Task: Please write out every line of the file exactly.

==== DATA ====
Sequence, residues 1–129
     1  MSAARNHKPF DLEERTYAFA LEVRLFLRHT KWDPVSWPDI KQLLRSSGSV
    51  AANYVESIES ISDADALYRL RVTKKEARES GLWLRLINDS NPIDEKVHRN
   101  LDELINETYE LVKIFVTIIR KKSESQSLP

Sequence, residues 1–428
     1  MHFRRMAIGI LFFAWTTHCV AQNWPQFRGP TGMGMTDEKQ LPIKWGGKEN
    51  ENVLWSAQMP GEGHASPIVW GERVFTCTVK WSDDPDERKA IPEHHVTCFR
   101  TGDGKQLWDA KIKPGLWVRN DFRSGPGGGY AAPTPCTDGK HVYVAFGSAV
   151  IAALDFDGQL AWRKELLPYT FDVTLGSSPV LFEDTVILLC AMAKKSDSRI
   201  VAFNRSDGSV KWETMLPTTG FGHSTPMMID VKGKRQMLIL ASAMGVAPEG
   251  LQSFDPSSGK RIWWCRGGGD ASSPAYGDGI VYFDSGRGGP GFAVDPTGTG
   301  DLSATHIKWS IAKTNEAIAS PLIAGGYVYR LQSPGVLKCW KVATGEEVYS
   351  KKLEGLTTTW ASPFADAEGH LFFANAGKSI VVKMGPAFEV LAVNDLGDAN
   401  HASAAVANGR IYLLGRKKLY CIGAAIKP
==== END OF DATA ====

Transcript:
Sequence, residues 1–129
     1  MSAARNHKPF DLEERTYAFA LEVRLFLRHT KWDPVSWPDI KQLLRSSGSV
    51  AANYVESIES ISDADALYRL RVTKKEARES GLWLRLINDS NPIDEKVHRN
   101  LDELINETYE LVKIFVTIIR KKSESQSLP

Sequence, residues 1–428
     1  MHFRRMAIGI LFFAWTTHCV AQNWPQFRGP TGMGMTDEKQ LPIKWGGKEN
    51  ENVLWSAQMP GEGHASPIVW GERVFTCTVK WSDDPDERKA IPEHHVTCFR
   101  TGDGKQLWDA KIKPGLWVRN DFRSGPGGGY AAPTPCTDGK HVYVAFGSAV
   151  IAALDFDGQL AWRKELLPYT FDVTLGSSPV LFEDTVILLC AMAKKSDSRI
   201  VAFNRSDGSV KWETMLPTTG FGHSTPMMID VKGKRQMLIL ASAMGVAPEG
   251  LQSFDPSSGK RIWWCRGGGD ASSPAYGDGI VYFDSGRGGP GFAVDPTGTG
   301  DLSATHIKWS IAKTNEAIAS PLIAGGYVYR LQSPGVLKCW KVATGEEVYS
   351  KKLEGLTTTW ASPFADAEGH LFFANAGKSI VVKMGPAFEV LAVNDLGDAN
   401  HASAAVANGR IYLLGRKKLY CIGAAIKP